Turning now to FIG. 1, there is shown a three dimensional or 3D projection system using dual projections that has a right and left signal. In conventional practice, the two signals are created initially from different vantage points to create a left and right eye projection. When displayed through the projectors, the resultant image seen by the user has a 3D effect since each eye is seeing a slightly different perspective of the original image.
 In the present invention, as shown in FIG. 1, and for example purposes, projections system 10 has projector 1 that projects main signal image 12 and projector 2 that projects obscuring image/negative 14 that are simultaneously projected through an electro optical switch, polarizer, or other type of optical filters 16 and 18 producing projection image streams 20 and 22 onto screen 24. These images may also be digitally generated using one projection system that creates a left and right eye signal. A user wears decoding eyewear 30 that blocks the right eye reflected stream 28 and permits the left eye reflected stream 26 to user eyes 32. Obscuring image/negative 14 is generated as a blocking, interference or negative signal that results in screen 24 showing a garbled and unintelligible image. When displayed, the two images or video sequences cancel each other out or create an obscured or other unviewable image. Thus. when being presented at a movie theater or from any other visual display device, the resultant image is unviewable. It is only viewable when using the glasses, or other optical filter, of the present invention.
 As shown in FIG. 1, decoding eyewear 30 is shown with two left eye image lenses, In this fashion, when the two signals are simultaneously displayed on screen 24 only main signal image 12, which preferably is a 2D image, is seen, as the left eye lenses do not allow the right eve signal to pass through to the user's eyes. The user thus sees main signal image 12 on screen 24 without interference from obscuring imager negative signal 14. This may be accomplished with any of a variety of viewing mechanisms, including 3D glasses, a polarizing screen or other system that permits one signal intended for the left eye, and the other signal intended for the right eye.
 Another embodiment may rely on a parallax barrier viewing system that presents the two eye perspectives from a viewing screen such as a computer, notebook, tablet, smart phone or other device. As the screen is designed to create a 3D effect by using two unique eye view perspectives, a similar system using a blocking signal for one eye and a decoder or canceller for the interference or obscuring signal may be employed to permit viewing of the desired 2D signal.
 FIG. 2 shows a basic flow diagram of the present invention. A preferred embodiment of the invention includes: 1) encoding into a proprietary secure digital format two signals one a main signal that is desired and a second signal that obscures or interferes with the main signal; 2) delivery and exhibition through existing conventional stereoscopic digital cinema hardware and software or other existing display technologies; and 3) decoding through proprietary eyewear.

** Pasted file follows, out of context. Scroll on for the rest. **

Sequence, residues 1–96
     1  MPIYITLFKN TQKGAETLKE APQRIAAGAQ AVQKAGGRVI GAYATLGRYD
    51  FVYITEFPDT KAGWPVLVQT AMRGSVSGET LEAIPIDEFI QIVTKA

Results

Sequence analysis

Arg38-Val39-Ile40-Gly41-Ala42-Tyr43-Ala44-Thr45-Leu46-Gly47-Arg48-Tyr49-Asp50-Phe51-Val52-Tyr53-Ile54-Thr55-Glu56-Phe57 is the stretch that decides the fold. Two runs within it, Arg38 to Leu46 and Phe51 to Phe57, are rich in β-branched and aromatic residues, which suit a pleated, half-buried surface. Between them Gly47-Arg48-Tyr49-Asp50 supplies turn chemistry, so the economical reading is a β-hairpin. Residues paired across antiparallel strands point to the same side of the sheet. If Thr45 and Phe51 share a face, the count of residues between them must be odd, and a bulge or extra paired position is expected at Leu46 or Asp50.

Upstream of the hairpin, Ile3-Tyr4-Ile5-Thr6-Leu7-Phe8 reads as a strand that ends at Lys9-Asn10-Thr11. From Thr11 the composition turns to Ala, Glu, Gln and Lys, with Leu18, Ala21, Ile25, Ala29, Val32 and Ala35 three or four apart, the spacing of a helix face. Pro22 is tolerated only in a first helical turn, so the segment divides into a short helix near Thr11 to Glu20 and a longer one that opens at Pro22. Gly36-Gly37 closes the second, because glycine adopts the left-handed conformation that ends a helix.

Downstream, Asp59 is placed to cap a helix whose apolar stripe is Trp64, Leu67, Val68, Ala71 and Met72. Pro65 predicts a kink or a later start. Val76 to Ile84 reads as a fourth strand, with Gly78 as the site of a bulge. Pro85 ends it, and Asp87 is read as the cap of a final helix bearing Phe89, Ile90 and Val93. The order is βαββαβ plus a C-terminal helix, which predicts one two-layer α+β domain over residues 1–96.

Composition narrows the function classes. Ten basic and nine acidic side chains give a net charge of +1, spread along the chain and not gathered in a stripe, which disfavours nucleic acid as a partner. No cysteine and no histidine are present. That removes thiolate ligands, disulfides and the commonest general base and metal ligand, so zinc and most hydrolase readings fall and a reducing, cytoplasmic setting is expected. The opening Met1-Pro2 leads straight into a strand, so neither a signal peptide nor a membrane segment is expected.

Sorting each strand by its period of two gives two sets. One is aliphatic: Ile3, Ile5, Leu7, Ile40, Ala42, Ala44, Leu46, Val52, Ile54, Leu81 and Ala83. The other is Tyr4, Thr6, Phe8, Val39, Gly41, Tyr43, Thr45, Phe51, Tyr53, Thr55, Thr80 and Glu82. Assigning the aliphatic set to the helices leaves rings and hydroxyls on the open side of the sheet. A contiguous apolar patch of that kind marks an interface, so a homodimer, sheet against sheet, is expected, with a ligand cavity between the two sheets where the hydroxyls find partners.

In operation, the preferred embodiment achieves the following: 1) secure the visual media; 2) delivers the secure media to existing digital cinema projectors or displays for exhibition; and 3) allows legitimate use of the visual media while preventing illicit duplication or viewing. Once the material is encoded in the secure format, it can be projected in an ordinary digital cinema equipped with stereoscopic playback and projection hardware or any other means of displaying visual media. When viewed or recorded by camera without the security glasses an indiscernible image is presented. When viewed through the proprietary security eye wear, a normal high quality motion picture image is seen.
 As shown in FIG. 2, step 50 is the projection of a 2D image or video constituting the main signal or desired information. At step 52, the method projects a previously or real time generated interference, obscuring or negative signal to the main signal that is projected at the same time as the rain signal. At step 54, the two signals are simultaneously displayed through a 3D projection system onto a screen or alternatively may be generated through a tablet, notebook or other display. At step 56, the resultant image that is displayed is viewed through glasses or other decoder device that removes the right eye image generated by the stereoscopic display device. Thus, the viewer is presented with a viewable image of the main signal only upon using the decoder or glasses that block the right eye signal that was obscuring proper viewing of the main signal or image.